HIRSCHKORN: The right to vote, promoted in Cambodia by activist Kek Galabru, the right of prisoners not to be tortured, pushed in Argentina by Juan Mendez, the right of children not to work in slave- like conditions, the mission in India of Kailash Satyarthi, or for kids not to become combat soldiers, the struggle of Abubacar Sultan in Mozambique.

KENNEDY CUOMO: I was really looking for people who are leaders, who have a constituency and who have a history of courage and who have a following.

HIRSCHKORN: Like Nobel Prize winners Desmond Tutu in South Africa, who worked to end apartheid; former Czech President Vaclav Havel, a leader for free expression; Oscar Arias Sanchez of Costa Rica, who brokered peace and free elections in Central America; and the Dalai Lama, who fights for political freedom for Tibet.

KENNEDY CUOMO: I was really looking for people who are the Martin Luther Kings of their country, people who have stood up to oppression but not, I wasn't looking for people who are victims.

HIRSCHKORN: Most of the activists depicted are not well known outside their home countries. Pakistani lawyer Asma Jahangir and her sister pioneered women's rights in Pakistan.

ASMA JAHANGIR, HUMAN RIGHTS ACTIVIST: It gives me great pleasure when you see that you have been able to change the life of not one or two people, but a whole community.

HIRSCHKORN: Jahangir, who sits on a special United Nations commission, has survived threats and attempted physical attacks.

JAHANGIR: I don't even read the hate mail that I get. The more support you have, the less vulnerable you are. It's not a matter of being surrounded by arms, it's a matter of being surrounded by people.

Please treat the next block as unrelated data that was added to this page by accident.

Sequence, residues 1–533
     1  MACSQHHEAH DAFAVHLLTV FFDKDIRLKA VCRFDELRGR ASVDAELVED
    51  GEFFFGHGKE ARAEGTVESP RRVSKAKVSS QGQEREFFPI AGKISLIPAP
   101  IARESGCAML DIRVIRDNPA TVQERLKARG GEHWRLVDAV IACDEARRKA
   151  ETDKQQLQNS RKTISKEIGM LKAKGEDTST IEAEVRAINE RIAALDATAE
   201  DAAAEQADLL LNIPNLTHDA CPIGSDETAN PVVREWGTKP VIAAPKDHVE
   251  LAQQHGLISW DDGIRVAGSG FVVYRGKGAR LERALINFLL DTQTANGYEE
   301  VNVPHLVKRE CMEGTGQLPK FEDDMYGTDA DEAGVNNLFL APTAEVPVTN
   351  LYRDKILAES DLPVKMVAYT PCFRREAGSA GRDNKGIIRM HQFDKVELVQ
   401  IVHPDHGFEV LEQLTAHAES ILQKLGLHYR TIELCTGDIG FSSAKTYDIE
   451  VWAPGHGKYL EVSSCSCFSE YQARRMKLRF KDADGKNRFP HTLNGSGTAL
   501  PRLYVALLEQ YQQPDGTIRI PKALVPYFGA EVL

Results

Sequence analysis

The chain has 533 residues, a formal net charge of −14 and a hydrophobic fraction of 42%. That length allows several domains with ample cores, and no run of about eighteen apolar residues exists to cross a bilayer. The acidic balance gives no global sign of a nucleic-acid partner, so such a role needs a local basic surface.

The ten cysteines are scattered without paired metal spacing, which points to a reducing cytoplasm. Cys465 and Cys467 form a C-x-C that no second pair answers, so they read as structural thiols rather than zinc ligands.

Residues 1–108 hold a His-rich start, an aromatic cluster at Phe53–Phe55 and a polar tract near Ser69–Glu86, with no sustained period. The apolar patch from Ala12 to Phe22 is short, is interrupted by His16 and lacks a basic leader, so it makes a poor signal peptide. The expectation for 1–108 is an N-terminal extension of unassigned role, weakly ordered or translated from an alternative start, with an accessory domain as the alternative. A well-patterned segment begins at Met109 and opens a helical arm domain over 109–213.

HIRSCHKORN: Kerry Kennedy Cuomo hopes readers will be morally outraged by the stories and support the causes. To assist students, the publisher is distributing an education packet that describes human rights defenders, profiles local activists and lists resources. Kennedy Cuomo says the book's message is that any person can make a difference.

KENNEDY CUOMO: I hope people will say that's not right, I'm going to do something. In the human rights world, creating change doesn't come easily. It's not for people who need immediate gratification. It takes years and years and sometimes that change is hard to calculate.

HIRSCHKORN: Phil Hirschkorn, CNN NEWSROOM, New York City.


BAKHTIAR: For more on the book and the exhibit, go to the Web site Now, a few final words from Kerry Kennedy Cuomo as she talks about what the book means and who her audience is. "Speak The Truth To Power" puts power in the hands of all of us, she says.


HIRSCHKORN (voice-over): Do you have a particular target audience in mind with this book? Is it the younger generation, teenagers? I think in your forward you talk something, reference at least to your own children, what are they going to learn as they become educated? A target audience? Is it the youth of America? Who is it?

KENNEDY CUOMO: Well, you know, I think what the book says is that each person can make a difference. And so I'm hoping that there will be two outcomes. I hope that people will read these stories and take up some of their causes. I hope people will be morally outraged by the fact that there are 250 million children worldwide who are in child labor, who have to go to work instead of going to school, many of those in virtual slavery and many of those here in our own country, in the United States, over 200,000 who pick our fruit and food in our fields and who sew our clothes in sweatshops.

I hope people will say that's not right, I'm going to do something. I hope people will read about the death penalty and say that's not right, I'm going to do something about that, and all of the other issues that are covered in the book, environmental issues, etc.. But the main thing that's important to me is not the particular issues in the book, but rather that people understand in their own worlds, in their own communities, that they, too, can make a difference and that there is, to me there is something that's spiritually transformative about this book and it has to do with the capacity of the human spirit to thrive despite overwhelming odds and overwhelming evil.